Going to Court Without a Lawyer

In the News

It’s not a secret: lawsuits and other legal procedures can be expensive. According to 2021 statistics from Justice Québec, nearly four out of 10 Quebecers who had a civil case chose to go to court without a lawyer. But do you know what self-representation entails?

Lots to prepare

Self-representation involves much more than just appearing before a judge and pleading a case.

Before even getting to the trial, you’ll have to do many things to prepare your case, such as:

  • determine before which court to appear,
  • identify the judicial district for your case,
  • do legal research to understand the applicable law,
  • draft relevant documents for your case,
  • collect evidence, and
  • prepare your witnesses.

A right to self-representation in court?

Whether your conflict concerns family law, criminal law, civil law or another area of law, you generally have a right to self-representation in court.

In some cases, self-representation is imposed, and you can’t choose to be represented by a lawyer.

This is the case, for example, at the Small Claims Division of the Court of Québec. You have to choose between acting alone or being represented by someone who is not a lawyer, like a friend of a family member. However, you can still get the help of a lawyer to prepare your case under something called “limited scope representation.”

Get informed!

There are many available resources to help you, including the Fondation du Barreau du Québec’s guides on representing yourself in court. English versions of these guides can be downloaded from the Fondation’s French webpage.

Beware of exceptions

Like for most rules of law, there are exceptions that apply to self-representation! In certain cases, you must be represented by a lawyer.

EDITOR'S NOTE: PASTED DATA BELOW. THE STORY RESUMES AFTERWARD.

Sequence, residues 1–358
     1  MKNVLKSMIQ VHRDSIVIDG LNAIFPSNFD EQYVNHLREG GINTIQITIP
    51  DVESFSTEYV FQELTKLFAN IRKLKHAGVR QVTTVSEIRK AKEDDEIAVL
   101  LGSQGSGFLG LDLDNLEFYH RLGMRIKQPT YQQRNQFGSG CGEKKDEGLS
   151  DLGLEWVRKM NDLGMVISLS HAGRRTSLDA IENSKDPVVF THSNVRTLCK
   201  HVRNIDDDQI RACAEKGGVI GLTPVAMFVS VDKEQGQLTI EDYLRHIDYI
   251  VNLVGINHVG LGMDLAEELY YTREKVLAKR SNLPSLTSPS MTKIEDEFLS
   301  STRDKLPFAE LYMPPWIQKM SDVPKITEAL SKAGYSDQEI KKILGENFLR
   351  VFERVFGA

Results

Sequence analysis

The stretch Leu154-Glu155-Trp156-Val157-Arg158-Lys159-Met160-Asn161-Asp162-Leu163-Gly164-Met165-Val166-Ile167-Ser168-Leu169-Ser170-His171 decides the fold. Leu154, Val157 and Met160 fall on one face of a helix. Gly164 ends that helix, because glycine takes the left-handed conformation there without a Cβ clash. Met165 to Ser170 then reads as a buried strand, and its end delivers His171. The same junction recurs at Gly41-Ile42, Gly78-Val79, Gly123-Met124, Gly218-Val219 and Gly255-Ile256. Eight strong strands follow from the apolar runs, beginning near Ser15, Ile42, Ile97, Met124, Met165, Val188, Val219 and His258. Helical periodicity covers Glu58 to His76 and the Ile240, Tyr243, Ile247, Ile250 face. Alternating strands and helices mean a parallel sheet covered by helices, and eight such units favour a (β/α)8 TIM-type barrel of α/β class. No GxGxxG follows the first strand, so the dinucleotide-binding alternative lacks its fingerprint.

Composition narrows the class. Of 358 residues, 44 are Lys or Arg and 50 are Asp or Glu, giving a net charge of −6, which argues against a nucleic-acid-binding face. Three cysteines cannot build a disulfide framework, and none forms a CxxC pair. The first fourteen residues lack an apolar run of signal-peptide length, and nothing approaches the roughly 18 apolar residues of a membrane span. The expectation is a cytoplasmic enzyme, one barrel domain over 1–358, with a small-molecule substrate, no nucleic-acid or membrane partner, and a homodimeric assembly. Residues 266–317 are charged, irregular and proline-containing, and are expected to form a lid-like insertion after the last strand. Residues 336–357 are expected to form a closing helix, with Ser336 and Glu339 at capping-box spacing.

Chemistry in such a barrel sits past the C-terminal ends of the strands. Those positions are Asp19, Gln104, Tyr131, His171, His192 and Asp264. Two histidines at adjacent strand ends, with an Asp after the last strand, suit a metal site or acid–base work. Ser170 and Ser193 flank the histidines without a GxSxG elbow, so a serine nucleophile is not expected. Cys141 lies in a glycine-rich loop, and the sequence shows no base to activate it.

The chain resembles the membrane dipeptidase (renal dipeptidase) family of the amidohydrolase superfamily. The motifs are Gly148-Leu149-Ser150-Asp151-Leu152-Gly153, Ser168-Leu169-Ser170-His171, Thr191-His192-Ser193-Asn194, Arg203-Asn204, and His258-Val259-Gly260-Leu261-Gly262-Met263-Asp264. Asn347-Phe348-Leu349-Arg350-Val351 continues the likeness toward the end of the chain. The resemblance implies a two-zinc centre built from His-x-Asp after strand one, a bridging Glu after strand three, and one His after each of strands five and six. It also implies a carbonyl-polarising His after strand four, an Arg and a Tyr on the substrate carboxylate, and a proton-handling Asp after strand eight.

For example, this is the case if you are acting as liquidator of an estate or as mandatary for someone who is no longer able to care for themselves.

Companies that are sued or that start a lawsuit must also be represented by a lawyer, unless the case is brought before the Small Claims Division of the Court of Québec. In this latter case, a member of management or an employee that isn’t a lawyer will have to represent the company.

With great power comes great responsibility…

If you choose self-representation, you must follow the same rules of procedure that lawyers must respect. 

These rules can be complex, and the consequences of non-compliance can be severe. For example, depending on the situation, you may have to ask for your case to be “set down for trial and judgment.” This is a procedure that indicates to the court that the parties have completed certain preliminary steps and that the case is ready to be presented to a judge at trial.

However, there are deadlines to respect for setting down a case for trial and judgment. If your application is submitted too late, you lose your right to be heard by the court at trial.

Another example: if you bring a case against your landlord or tenant before the Tribunal administratif du logement (rental board of Quebec), you must send them a copy of your application. You must also send them the supporting evidence or a list of said evidence with a note letting them know the evidence can be viewed upon request. 

You then have 45 days to prove to the Tribunal administratif du logement that you communicated these documents to the opposing party. If you fail to do so, the Tribunal administratif du logement will close your file.

Partnership with the ministère de la Justice du Québec

This content was produced with the financial support of the Government of Quebec.

Visit their website.